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Speak Easy! A guide to giving the perfect speech.
Step One: Know Your Audience • What do you want your audience to know? • What does your audience already know? • How can you gain your audience’s attention?
Step Two: Organize • The Introduction: • This is possibly the most important part of your speech, because you want to grab your audience's attention from the start. So come up with something clever, shocking, or interesting right at the very beginning.
Step Two: Organize • The Introduction: • Be dramatic. Say something like, "I'm about to reveal a plan that will drastically alter the face of humanity as we know it!" when your presentation is really about a new brand of facial soap. • Tell a joke. Getting people to laugh will loosen them up and make them feel inclined to like you and hear what you have to say. Don't try this if your jokes are usually met by silence or groans. Test your opening out first on your most brutally honest of friends.
Step Two: Organize • Tell a story. This will make the audience see you as an individual instead of another boring speaker, thus giving you an air of accessibility. Two things to keep in mind about opening your speech with your story: keep it short (under a minute) and keep it relevant to the rest of your presentation. The point of the story is to lead the audience into your speech, so if your anecdote ends with your dog saving the day, and your speech is about your Uncle Sam, you might have a hard time transitioning from the your intro into the rest of the speech. • Pose a question. Asking the audience for their input will make them feel involved, even if you're going to answer your own question. Be careful not to get your audience into a conversation when you want them to listen to you!
Step Two: Organize • The Body: • This is your speech. Everything you want to say should come out here, in an organized fashion. • Use a formal outline. You can prepare for writing the content of your speech by outlining your major points with those fun Roman numerals(AND get points for turning it in—because it’s required!). Most good speeches have two or three main points, each of which has a couple of sub-points or examples. Outlining your speech will make sure that your logical flow makes sense and that your audience doesn't get lost. It will also help you figure our where the holes in your speech are, in case you have to do some last minute extra ideas. • The key point is that you are ORGANIZED. The audience must be able to follow your thoughts.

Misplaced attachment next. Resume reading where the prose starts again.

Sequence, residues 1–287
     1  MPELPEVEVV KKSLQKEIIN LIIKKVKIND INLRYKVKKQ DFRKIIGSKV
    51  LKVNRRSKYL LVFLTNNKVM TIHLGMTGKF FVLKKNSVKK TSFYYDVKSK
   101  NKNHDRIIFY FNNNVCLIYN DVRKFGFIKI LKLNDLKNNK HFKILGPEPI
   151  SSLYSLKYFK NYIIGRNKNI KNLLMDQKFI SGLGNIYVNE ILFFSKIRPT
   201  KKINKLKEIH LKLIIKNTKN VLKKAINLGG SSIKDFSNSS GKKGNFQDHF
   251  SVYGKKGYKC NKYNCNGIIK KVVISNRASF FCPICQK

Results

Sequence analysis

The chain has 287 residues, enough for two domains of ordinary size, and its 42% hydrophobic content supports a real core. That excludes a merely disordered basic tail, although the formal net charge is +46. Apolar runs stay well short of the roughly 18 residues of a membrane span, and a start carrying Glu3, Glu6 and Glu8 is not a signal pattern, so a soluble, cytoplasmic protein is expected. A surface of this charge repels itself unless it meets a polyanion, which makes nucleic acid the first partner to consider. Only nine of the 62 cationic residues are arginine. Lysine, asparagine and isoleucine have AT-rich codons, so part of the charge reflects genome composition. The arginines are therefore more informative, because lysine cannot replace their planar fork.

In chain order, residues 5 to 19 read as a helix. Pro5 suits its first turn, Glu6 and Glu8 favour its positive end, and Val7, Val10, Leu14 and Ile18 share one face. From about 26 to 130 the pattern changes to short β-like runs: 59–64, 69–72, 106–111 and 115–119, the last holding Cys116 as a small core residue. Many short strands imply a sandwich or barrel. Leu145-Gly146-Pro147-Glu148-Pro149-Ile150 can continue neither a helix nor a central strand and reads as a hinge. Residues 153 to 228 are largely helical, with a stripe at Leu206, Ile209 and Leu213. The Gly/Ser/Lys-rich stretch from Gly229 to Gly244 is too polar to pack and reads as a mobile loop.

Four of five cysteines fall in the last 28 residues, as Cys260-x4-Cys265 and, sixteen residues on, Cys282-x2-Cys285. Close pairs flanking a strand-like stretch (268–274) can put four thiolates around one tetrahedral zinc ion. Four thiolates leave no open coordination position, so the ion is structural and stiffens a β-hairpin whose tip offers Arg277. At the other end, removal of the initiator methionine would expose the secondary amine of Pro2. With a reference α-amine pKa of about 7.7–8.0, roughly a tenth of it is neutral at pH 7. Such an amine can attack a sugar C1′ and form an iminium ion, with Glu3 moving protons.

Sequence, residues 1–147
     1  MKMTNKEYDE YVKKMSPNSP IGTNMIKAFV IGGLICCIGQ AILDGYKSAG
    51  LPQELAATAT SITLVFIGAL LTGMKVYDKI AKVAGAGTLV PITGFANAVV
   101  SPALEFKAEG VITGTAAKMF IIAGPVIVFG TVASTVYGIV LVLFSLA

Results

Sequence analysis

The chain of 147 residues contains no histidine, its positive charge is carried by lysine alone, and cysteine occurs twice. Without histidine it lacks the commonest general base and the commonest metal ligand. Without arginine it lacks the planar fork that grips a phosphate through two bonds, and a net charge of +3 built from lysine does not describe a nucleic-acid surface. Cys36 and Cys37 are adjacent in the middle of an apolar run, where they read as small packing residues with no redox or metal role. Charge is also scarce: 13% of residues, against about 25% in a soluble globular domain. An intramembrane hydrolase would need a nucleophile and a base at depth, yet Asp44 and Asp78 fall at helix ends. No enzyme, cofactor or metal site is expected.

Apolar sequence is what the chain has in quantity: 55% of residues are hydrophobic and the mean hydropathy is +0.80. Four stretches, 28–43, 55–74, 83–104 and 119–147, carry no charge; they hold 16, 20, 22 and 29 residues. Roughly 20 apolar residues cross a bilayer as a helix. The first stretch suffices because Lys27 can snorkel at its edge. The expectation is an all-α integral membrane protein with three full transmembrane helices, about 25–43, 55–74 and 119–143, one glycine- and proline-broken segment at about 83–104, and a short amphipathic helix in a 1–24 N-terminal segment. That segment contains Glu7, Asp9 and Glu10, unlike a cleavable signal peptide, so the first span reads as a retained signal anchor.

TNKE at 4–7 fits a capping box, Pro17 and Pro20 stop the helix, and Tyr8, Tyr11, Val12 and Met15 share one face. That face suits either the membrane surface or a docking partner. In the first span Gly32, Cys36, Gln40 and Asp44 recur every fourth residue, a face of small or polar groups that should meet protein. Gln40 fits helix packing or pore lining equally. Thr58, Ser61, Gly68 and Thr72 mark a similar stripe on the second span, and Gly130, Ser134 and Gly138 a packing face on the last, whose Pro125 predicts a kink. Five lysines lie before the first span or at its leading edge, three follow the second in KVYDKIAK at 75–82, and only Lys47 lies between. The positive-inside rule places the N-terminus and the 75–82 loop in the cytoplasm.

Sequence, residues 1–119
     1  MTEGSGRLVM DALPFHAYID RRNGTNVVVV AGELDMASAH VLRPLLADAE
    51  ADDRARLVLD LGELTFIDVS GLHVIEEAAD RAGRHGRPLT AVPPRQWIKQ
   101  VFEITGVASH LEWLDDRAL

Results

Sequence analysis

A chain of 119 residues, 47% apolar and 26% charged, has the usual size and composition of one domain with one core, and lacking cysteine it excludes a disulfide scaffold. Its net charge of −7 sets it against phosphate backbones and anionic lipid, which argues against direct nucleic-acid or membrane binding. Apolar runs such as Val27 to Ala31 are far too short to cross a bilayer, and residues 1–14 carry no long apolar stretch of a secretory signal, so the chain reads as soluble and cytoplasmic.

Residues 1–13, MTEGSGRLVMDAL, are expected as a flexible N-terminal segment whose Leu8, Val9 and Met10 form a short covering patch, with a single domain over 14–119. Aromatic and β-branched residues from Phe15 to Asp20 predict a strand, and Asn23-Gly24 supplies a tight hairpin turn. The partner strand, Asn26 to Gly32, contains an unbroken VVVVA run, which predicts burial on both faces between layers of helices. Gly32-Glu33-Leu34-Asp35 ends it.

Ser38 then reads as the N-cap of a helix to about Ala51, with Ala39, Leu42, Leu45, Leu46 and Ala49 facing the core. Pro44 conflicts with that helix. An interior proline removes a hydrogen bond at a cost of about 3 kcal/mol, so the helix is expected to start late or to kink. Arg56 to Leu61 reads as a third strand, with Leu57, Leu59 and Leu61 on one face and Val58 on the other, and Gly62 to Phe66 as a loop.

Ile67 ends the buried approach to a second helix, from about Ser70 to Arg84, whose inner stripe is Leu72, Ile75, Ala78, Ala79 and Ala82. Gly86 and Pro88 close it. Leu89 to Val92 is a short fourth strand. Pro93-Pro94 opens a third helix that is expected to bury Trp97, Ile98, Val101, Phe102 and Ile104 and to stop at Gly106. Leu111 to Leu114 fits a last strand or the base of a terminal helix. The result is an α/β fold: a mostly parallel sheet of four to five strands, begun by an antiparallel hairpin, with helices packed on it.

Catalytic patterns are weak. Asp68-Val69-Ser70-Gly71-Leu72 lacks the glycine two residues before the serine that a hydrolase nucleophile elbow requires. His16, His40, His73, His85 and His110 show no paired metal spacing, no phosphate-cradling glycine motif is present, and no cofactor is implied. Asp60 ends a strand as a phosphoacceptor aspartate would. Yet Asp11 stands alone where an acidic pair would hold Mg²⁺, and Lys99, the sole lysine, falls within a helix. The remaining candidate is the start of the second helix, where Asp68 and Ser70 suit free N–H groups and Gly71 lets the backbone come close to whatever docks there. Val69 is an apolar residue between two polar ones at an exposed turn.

Step Two: Organize • The conclusion: • The way you end a speech is almost as important as the way you begin it. The audience will be most restless at the end, and you have to find a way to tie everything together so that they don't walk away remembering how badly they were fidgeting. So sum everything up for them in approximately a few concise sentences and leave them with a witty line.
Step Three: Write • Writing a good speech is something that people write entire books on. But here are some quick cheat-notes to consider: • Vary your word choice. Your speech will get very boring very quickly if you repeatedly use the same words. So use interesting and different words and phrases and keep things new. • Get a thesaurus. It's not cheating, it's expanding your vocabulary, and all great writers use one. A word of warning: only use words that people know (and you can pronounce). • Keep your tone personal. You should sound more like you are having a conversation than like you are reading to your audience. • Humor almost always helps. It's even appropriate at eulogies. The essence is in the timing, though. It's a good idea to test humor out on friends prior to the actual presentation, just in case it turns out that you're an unbelievably corny person. And leave out any humor that is even remotely offensive. Often, self-deprecating humor (that doesn't completely destroy your credibility as a speaker) works well.
Step Three: Write • REWRITE your speech. Many many times. Even the most brilliant writer never gets it perfect on the first try, so you have to continually rewrite and tighten your speech. Get rid of superfluous information (no matter how funny it is), and make sure that each line has a point. • After you've written your speech, it can be helpful to put it on 3 x 5 index cards. They are easier to carry around and shuffle through, and because you don't want to spend your entire presentation reading (and not speaking), index cards will make you feel more inclined to glance up when you flip through them. Just be sure to put huge numbers on the front of each card, in case they accidentally get shuffled around. But don't use the index cards as a crutch. Then people will think that you're talking to your hand.